An Actual Image of a Black Hole Coming Soon

The article, “Scientists are months away from peering into black holes for the first time,” explains that the Event Horizon Telescope Array is one of the most geographically widespread array telescopes ever “built;” spanning four continents.  The array taps into the potential of the Atacama Large Millimeter/Submillimeter Array (ALMA). Scientists have discovered plenty of black holes, but the evidence has always been indirect. But by enlisting an array of telescopes, the Event Horizon Telescope will utilize very long baseline array interferometry to measure perturbations in gas around Sag A, the black hole at the center of our galaxy. By reconstructing what each telescope sees, a picture can emerge of whatever is happening at the center of our galaxy. And then, for the first time, we’ll see inside a black hole, which will help astronomers answer many questions about these mysterious beasts.

The two most fundamental properties of any telescope are its light-collecting area and its angular resolution. Light-collecting area describes how much light a telescope can collect, and angular resolution determines the amount of detail in telescopic images. The Event Horizon Telescope is a large array of radio telescopes around the world. As we learned from the power point slides in class, this is a technique used by astronomers called interferometry which allows two or more individual telescopes to achieve the angular resolution of a much larger telescope. This telescope is using very long baseline interferometry which combines radio signals from telescopes all over the earth. By using this technique, an image can emerge of a black hole from the combination of these telescopes. The Event Horizon Telescope uses radio dishes in which the focal point can be above or in the dish and an antenna is used instead of a camera. According to the power point slides, radio waves are electromagnetic radiation like light and need large dishes to get good resolution. Objects in space behave differently in radio frequencies. Visible light shows the thermal properties of stars and radio shows the behavior of gases between stars. The Event Horizon Telescope is ground-based because only radio waves, visible light, and small parts of the infrared spectrum can be observed from the ground, which we learned from the lecture tutorial, “Telescopes and Earth’s Atmosphere.” Radio telescopes can observe day and night. Some telescopes are placed in space so they are not subject to problems caused by light pollution, atmospheric distortion of light, or the fact that most forms of light do not penetrate through the atmosphere to the ground.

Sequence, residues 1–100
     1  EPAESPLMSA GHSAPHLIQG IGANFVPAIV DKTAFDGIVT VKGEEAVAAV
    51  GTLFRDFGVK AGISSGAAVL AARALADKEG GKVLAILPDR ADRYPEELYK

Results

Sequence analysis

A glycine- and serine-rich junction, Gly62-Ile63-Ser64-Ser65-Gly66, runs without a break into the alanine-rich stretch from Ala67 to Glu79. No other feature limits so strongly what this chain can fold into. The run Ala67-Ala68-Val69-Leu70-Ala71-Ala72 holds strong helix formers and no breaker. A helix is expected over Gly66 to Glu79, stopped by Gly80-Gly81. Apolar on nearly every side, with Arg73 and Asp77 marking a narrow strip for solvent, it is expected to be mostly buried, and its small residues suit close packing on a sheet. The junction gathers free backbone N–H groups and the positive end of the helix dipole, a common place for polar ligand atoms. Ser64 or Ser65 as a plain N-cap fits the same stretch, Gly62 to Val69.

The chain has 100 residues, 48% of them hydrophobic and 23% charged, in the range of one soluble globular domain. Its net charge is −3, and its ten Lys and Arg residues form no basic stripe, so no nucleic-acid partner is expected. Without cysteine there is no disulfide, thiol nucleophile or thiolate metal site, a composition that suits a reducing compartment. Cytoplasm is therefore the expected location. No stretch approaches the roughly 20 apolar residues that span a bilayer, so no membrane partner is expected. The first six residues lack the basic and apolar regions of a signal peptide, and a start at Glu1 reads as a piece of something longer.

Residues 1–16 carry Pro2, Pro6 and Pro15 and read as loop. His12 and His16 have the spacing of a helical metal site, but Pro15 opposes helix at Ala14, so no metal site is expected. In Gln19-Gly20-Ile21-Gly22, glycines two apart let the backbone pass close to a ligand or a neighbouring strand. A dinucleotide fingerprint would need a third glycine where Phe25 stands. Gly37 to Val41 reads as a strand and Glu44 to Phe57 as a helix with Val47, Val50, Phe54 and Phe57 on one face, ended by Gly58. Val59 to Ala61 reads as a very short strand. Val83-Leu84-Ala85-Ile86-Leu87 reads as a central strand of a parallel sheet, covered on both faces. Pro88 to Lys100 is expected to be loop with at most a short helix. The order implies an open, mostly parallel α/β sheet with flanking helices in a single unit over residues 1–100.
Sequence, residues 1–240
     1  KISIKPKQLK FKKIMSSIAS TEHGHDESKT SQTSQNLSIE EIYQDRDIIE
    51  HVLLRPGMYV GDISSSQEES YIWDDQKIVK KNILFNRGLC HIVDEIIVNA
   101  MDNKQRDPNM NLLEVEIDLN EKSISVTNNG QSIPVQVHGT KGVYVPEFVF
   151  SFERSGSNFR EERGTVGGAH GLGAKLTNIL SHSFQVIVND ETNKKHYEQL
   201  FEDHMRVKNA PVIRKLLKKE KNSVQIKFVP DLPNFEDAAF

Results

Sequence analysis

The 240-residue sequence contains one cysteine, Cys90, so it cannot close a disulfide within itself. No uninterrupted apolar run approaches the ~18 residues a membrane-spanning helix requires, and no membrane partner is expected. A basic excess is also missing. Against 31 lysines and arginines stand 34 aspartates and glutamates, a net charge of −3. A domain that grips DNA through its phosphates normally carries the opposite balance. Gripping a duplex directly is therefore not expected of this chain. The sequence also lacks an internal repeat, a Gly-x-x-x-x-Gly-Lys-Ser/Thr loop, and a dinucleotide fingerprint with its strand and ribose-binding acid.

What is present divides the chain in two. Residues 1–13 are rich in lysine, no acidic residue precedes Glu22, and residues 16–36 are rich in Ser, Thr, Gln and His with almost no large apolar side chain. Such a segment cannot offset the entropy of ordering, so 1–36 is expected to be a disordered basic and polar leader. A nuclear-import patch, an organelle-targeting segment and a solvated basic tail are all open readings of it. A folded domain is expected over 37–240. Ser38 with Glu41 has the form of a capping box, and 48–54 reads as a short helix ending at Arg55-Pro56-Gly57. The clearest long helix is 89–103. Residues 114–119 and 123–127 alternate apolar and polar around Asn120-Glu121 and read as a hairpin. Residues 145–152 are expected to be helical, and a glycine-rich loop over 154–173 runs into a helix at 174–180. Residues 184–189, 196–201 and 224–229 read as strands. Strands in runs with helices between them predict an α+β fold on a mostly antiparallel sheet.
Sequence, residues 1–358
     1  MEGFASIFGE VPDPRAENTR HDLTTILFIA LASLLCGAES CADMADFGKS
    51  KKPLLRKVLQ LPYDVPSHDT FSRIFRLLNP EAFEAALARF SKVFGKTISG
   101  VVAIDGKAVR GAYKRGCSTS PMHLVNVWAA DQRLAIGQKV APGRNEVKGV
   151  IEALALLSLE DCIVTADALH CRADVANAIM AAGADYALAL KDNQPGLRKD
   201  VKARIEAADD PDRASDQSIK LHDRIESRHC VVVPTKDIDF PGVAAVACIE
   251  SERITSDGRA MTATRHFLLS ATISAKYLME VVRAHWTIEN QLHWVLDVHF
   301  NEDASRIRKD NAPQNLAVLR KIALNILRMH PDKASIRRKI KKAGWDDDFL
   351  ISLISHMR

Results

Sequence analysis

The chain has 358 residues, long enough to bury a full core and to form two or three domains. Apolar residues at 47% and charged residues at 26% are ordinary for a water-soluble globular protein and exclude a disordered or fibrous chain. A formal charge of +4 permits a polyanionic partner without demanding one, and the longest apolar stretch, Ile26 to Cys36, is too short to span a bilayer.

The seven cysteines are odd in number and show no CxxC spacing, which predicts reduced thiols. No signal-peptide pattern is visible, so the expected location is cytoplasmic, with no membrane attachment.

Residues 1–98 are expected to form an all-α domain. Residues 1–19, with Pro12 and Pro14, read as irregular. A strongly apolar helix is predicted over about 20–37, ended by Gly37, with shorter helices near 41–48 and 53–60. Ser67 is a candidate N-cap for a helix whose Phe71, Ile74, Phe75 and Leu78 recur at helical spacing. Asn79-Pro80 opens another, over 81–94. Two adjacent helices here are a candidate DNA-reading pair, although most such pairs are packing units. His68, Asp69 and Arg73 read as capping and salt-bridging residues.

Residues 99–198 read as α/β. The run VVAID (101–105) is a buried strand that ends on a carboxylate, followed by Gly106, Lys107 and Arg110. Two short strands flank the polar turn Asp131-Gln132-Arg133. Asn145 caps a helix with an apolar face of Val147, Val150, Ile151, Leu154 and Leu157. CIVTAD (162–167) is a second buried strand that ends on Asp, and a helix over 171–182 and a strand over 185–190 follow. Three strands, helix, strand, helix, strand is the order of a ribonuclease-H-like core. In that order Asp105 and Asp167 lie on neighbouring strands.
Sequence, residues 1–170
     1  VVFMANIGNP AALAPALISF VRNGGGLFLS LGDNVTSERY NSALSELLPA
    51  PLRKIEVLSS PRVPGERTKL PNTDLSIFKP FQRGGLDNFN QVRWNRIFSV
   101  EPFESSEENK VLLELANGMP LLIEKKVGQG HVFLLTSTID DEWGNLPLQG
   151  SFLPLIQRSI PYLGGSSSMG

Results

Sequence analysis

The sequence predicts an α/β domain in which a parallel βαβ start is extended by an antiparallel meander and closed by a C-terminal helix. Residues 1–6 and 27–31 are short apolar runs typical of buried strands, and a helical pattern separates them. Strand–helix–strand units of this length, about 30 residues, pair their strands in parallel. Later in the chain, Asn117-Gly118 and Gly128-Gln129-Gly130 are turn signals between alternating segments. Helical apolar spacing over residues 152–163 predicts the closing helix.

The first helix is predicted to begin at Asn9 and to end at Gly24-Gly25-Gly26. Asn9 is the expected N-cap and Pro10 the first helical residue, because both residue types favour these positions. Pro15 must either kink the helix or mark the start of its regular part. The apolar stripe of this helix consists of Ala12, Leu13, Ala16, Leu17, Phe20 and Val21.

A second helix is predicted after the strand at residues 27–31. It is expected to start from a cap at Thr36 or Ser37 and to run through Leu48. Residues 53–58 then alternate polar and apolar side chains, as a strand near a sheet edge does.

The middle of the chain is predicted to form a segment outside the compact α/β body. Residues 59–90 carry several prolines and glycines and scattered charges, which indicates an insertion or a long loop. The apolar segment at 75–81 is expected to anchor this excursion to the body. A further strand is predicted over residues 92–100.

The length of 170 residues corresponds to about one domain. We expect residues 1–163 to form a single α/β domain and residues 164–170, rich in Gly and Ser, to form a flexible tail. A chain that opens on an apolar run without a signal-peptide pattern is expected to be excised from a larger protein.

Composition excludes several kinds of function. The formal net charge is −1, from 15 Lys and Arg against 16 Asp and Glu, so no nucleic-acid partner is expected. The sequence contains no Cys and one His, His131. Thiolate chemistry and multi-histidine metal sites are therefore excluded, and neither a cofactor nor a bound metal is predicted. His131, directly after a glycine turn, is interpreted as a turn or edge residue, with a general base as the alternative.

I found this article to be very interesting because I have always been curious about black holes and it is exciting to think that we could get an actual image of one very soon. I also liked this article because it connects to our ninth objective very well by explaining what type of telescope(s) will be used to form an image of a black hole and the technique that will be used to achieve this. It was a very informative and intriguing article.


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